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  • majoki


Some swear by King James. Some will only settle for King Lear. But give me The Prince. Machiavelli all the way. His flavor. Assertive. Unrelenting. Unforgiving. Unapologetic. That’s the power we seek in this day when all is utopic and bland. A fine cut of Prince 1532 is just what the doctor, if it weren’t a medibot, would order. You had to fight the vanilla blues some way, and, in 2074, it was with fine literature. Escapism with the choicest sheaf in the land. I became a purist just a few years back when a crime—an old school crime—was reported. A theft. Which was a rarity since most folks had everything they pretty much needed after the skurnikan was invented. Back about 2025, a proselytizing power engineer named Skurnik developed a system of micro capacitors that could reliably store electricity for years. The original skurnikan was the size of a water heater, but held enough electricity to run a typical house for a year. Within a decade, the typical skurnikan was the size of a cinder block. Completely portable. Once electricity could be stored on such a large scale, fossil fuels became a thing once again of the dinosaurs. Wind, solar, tidal energy took center stage. We even exploited the triboelectric forces of our movements. We harnessed everything because it could be easily stored and used on demand. With ubiquitous clean, cheap, renewable energy the world changed. Possibility outpaced piety. Fanaticism died. The Power Age empowered everyone. Heady stuff. No more energy-resource apartheid. Water could be desalinated cheaply. Abundant clean water meant abundant food and fertility. No more scarcity. The world prospered and our collective psyche suffered. Without strife and conflict, we became soft. Crime became passé. Police activity dealt with virtual attacks that were more like major pranks, really. And that’s the context when I got the robbery call. It was just Velasquez and me in the 57th precinct. That’s all the job demanded anymore. Two phone jockeys with decent ‘puter skills. We weren’t really equipped to deal with real criminal activity. An actual theft of property. And a book at that. A very old book according to the academician who called. He was quite hysterical. “It can’t be replaced! Do you understand? A first edition of Benjamin Franklin’s autobiography. The flavor of the writing is indescribable. I can’t bear to live without it. You must find it!” I have to say the gent’s passion surprised me. Only webaholics these days got that obsessed with anything. We’d created a pretty even-keeled society. Of course Velasquez and I were intrigued, though we hadn’t a clue how to begin with an actual property crime. Luckily, there were archives in the precinct and a million and one cop shows from the past century. It wasn’t really that hard. Kind of fun. Until we fell upon the truth. And the truth was deeper than both of us. When we began to dig we found quicksand and it swallowed us up. Rare books were being stolen the world over, but there was an uncanny hush surrounding the racket. Seemed no one wanted to talk about it except our academician who reported Ben Franklin’s theft. He was the key that unlocked Pandora’s box and then removed the hinges. My world came unhinged. One classic read at a time. David Copperfield. War and Peace, The Tale of Genji. Old old books gone. The trail faint until Velasquez followed up on a tip from a well connected politico. Velasquez went deep under and never surfaced. I waited. But he never came up for air. Until it was rarefied. That’s the upshot. Rarefied air. Do you see? Velasquez found the source and then we were hooked. In a world where happiness was easy, ecstasy was not. That was the new extremism and it was doing the unthinkable. Huffing our heritage. Smoking our very foundation. Oh, but the flavor, the high of sinking so low.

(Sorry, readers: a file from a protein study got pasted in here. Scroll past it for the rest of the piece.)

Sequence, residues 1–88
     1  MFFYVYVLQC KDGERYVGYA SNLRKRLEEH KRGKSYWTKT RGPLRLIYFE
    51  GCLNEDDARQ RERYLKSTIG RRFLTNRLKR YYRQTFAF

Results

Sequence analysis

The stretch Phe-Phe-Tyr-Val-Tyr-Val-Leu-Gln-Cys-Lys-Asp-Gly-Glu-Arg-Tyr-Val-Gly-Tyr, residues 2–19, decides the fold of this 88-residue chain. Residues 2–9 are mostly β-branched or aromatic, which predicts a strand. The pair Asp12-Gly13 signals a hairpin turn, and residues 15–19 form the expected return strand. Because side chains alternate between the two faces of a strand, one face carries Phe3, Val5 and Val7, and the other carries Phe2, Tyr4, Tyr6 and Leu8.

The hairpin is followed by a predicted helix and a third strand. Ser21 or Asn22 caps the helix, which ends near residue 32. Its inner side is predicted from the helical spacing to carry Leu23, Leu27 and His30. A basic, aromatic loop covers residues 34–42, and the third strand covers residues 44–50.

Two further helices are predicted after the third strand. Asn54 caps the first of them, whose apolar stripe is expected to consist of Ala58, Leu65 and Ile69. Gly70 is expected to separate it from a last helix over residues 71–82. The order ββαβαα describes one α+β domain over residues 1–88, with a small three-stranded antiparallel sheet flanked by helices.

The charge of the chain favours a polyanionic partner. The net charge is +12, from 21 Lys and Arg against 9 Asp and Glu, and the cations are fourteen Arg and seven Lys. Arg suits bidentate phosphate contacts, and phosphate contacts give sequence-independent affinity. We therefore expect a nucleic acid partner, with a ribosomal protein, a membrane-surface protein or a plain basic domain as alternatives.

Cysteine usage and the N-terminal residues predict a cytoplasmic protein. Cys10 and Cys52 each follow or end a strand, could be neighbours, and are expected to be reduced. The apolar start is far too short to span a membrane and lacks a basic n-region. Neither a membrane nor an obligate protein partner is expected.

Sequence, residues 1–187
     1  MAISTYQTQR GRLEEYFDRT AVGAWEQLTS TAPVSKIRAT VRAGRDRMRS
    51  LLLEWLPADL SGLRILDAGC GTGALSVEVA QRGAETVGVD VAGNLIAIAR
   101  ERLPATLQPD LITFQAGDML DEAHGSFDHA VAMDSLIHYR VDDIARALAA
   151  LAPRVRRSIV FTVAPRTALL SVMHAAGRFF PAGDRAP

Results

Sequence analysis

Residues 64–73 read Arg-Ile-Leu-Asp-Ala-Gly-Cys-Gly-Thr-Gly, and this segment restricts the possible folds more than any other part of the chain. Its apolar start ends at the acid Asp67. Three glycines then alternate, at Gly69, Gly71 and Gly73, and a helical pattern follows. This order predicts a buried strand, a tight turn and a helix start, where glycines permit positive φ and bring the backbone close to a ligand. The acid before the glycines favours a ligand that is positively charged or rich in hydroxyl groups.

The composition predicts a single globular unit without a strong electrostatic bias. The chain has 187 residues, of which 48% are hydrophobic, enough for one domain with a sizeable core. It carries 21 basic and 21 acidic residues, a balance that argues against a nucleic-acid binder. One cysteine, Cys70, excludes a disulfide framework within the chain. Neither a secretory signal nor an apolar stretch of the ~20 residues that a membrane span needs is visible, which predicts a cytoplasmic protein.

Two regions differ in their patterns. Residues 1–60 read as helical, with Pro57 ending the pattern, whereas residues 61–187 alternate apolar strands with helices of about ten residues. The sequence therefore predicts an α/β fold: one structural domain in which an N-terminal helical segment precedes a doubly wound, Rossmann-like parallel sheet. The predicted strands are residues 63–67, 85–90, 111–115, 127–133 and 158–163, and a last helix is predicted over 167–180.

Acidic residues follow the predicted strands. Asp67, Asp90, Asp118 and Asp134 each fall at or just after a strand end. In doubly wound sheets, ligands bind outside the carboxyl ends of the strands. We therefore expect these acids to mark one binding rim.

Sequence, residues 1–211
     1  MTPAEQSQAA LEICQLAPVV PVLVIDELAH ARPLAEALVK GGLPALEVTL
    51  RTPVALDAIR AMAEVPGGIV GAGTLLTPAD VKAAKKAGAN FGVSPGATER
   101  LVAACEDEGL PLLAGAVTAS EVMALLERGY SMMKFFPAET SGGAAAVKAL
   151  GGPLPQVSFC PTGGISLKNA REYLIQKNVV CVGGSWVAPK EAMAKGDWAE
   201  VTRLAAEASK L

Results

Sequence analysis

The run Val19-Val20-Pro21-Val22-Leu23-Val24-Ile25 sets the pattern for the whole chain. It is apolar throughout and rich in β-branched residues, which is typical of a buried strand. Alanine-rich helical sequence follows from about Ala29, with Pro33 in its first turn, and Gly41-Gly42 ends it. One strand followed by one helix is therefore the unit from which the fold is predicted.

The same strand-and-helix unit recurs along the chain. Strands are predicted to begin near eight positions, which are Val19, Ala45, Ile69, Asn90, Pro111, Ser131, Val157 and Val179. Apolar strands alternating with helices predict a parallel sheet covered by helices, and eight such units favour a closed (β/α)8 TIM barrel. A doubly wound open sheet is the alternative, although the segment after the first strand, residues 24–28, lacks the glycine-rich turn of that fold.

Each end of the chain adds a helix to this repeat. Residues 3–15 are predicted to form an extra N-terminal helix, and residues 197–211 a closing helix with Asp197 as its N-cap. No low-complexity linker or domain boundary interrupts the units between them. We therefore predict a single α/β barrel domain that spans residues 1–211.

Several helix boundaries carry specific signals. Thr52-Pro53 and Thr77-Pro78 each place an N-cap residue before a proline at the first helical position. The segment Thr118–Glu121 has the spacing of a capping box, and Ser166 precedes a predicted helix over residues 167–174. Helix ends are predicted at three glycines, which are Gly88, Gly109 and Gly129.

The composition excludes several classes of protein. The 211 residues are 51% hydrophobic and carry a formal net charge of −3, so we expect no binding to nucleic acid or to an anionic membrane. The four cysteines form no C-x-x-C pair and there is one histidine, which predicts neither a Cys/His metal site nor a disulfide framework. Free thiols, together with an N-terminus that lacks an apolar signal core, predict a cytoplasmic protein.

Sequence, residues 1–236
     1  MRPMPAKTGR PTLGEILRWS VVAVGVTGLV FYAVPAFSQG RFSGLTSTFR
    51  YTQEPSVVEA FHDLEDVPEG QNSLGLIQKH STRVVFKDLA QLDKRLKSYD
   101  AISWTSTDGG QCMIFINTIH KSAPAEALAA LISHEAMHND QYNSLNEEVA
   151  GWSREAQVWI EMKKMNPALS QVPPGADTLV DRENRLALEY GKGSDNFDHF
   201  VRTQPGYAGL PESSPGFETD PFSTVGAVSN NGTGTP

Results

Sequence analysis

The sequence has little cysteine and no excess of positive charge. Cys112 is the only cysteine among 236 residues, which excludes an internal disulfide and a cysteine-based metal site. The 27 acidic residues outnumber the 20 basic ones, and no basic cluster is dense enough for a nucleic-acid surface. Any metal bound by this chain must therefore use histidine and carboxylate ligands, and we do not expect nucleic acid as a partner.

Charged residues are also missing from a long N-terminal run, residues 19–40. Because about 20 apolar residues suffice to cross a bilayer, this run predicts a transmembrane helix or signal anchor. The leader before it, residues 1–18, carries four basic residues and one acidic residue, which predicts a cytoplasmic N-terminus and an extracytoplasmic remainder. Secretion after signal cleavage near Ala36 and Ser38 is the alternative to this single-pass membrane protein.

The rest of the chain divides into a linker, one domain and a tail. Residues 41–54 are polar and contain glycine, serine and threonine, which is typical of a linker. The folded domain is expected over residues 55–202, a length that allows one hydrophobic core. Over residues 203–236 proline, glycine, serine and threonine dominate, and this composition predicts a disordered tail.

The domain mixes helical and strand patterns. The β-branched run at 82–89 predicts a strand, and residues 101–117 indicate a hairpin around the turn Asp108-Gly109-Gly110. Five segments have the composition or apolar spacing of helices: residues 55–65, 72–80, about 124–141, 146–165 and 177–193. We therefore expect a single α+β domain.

Who would’ve believed that the crumbling pages of ancient texts could deliver such a rush? What strange science in the ink and paper, the soul of the writer. Flaubert, Tzu, Dante, Basho, Hume, Gallegos, Khayyam, Cervantes, Twain, Crane, Paine. Oh what was a first edition of Wordsworth worth? It took you to the mountaintop and split you asunder! It was the only drug left, and it corrupted all who breathed in the brittle pages of our literary past. Evermore. Nevermore. Who could resist a first edition Poe? To the core we smoked away the only evidence of our once proud form. We who had once striven with war and disease, crime and inhumanity. Our greatest thinkers borne from the madness of scarcity, the prey of want. One by one, smoked in the new hedonism.

It was to be savored. Maybe it was the only answer in an age of plenty. To turn us back to our badder selves—our more perfect form. A burnt offering to the gods we would never again imagine, if we didn’t push ourselves to every writer’s purpose: The End.

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